Going through a divorce can be especially hard for children, and the general public along with some child experts seem to agree that dividing time between two households adds stress to an already difficult situation. However, Florida residents may be surprised by the findings of a recent Swedish study that shows that joint custody agreements cause less anxiety than parenting plans where one parent has sole physical custody.
Mediation can be a cost-effective and less contentious way to come to an agreement in a Florida divorce case. Many couples are able to reach negotiated agreements in order to settle their divorces and avoid drawn-out litigation in court. When a couple opts to try mediation, there are several things about which they should be aware.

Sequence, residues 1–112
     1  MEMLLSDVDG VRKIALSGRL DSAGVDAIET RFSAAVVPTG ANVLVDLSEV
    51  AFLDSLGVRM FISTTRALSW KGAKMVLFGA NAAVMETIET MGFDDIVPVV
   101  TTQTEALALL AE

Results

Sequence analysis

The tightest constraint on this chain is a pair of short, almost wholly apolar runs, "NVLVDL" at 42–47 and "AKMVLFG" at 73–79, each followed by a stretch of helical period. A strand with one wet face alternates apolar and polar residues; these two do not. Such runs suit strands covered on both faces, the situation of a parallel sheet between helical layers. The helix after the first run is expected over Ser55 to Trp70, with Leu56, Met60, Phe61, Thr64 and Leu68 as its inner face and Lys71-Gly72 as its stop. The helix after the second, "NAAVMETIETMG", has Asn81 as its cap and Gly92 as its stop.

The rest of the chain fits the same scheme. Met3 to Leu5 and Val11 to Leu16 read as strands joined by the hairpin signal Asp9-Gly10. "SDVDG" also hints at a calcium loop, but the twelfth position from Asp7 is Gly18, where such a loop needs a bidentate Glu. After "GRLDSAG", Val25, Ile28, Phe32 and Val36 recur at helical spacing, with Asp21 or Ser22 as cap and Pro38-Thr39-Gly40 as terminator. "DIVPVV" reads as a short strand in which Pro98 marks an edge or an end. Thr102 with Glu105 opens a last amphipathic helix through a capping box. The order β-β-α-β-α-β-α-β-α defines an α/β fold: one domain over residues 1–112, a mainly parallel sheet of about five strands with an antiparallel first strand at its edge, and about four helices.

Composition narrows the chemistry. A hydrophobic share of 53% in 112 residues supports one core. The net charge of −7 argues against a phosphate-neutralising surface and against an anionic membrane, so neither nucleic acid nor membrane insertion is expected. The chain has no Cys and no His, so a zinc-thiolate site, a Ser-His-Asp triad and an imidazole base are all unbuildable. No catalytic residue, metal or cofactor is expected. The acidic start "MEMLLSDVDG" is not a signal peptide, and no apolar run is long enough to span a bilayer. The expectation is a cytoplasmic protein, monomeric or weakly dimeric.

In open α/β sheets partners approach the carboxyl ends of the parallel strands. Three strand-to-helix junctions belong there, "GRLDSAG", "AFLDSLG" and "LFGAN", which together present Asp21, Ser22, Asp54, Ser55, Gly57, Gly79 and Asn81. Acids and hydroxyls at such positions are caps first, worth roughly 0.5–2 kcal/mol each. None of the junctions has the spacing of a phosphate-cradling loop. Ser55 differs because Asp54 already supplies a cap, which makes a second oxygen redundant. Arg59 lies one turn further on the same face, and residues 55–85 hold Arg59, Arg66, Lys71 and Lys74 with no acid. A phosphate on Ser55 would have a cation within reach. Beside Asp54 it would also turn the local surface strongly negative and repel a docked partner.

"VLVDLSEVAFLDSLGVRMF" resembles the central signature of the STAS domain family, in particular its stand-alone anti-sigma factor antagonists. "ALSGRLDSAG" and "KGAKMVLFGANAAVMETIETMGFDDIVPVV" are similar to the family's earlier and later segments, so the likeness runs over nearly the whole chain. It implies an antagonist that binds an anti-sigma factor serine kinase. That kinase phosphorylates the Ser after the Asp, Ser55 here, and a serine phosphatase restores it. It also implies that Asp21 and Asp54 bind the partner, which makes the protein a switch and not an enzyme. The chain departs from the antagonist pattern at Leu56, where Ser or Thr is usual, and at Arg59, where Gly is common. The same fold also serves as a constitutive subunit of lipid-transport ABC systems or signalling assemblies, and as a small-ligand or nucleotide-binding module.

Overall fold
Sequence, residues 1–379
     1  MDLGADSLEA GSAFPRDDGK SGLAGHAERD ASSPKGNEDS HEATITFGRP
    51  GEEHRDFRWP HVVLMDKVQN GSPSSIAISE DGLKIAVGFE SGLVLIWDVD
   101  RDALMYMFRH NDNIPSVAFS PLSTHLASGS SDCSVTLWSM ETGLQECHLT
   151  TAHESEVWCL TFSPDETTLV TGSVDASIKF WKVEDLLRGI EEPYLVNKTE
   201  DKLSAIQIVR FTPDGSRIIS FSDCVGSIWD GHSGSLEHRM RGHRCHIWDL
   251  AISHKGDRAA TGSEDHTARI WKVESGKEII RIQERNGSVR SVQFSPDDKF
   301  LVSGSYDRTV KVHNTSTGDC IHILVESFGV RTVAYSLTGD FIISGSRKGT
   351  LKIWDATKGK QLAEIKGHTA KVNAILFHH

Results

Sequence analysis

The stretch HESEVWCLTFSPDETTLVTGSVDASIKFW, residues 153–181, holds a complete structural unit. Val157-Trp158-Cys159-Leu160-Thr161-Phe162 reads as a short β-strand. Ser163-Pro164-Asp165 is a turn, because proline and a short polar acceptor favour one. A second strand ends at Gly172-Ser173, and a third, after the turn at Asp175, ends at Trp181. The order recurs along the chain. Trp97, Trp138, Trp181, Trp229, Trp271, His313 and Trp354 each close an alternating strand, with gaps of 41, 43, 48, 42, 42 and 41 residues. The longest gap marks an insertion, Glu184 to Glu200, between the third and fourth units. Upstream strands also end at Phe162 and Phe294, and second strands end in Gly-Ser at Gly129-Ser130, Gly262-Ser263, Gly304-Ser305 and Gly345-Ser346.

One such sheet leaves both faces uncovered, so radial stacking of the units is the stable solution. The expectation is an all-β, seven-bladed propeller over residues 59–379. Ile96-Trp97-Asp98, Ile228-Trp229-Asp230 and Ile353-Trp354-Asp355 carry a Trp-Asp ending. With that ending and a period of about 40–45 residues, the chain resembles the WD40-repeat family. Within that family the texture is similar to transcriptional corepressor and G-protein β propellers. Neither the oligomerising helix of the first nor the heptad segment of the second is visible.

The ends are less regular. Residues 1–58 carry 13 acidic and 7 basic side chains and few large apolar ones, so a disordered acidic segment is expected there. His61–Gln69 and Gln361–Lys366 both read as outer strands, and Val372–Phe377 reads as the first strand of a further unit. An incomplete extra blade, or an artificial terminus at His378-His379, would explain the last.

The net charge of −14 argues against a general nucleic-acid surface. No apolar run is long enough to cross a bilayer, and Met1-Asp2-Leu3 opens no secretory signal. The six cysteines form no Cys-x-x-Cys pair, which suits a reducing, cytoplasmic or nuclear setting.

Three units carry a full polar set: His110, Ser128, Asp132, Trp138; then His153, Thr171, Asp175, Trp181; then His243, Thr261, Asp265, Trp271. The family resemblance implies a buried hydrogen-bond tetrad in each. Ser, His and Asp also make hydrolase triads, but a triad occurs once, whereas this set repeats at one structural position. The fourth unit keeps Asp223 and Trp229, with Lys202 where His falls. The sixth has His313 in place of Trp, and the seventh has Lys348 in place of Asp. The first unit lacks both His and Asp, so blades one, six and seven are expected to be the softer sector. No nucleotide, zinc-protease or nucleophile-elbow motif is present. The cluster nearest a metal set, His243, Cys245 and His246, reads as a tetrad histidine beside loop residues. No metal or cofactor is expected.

For the first time since 2013, the Florida legislature is considering a bill that would change how the state awards alimony. A 2013 bill that was approved by the state legislature resulted in many people calling on the governor to cancel it. Ultimately, it was vetoed and never became law. A bill that is being considered in 2015 would end permanent alimony and add a presumption that child custody should be shared equally by parents.
Many Florida parents who are of different faiths go on to get a divorce. A contentious question often arises regarding in which religion the child will be raised by the custodial parent. If the parents are unable to agree, the court will be left in a position in which it must balance the fundamental First Amendment rights of the parent to choose their own religion versus the best interests of the child.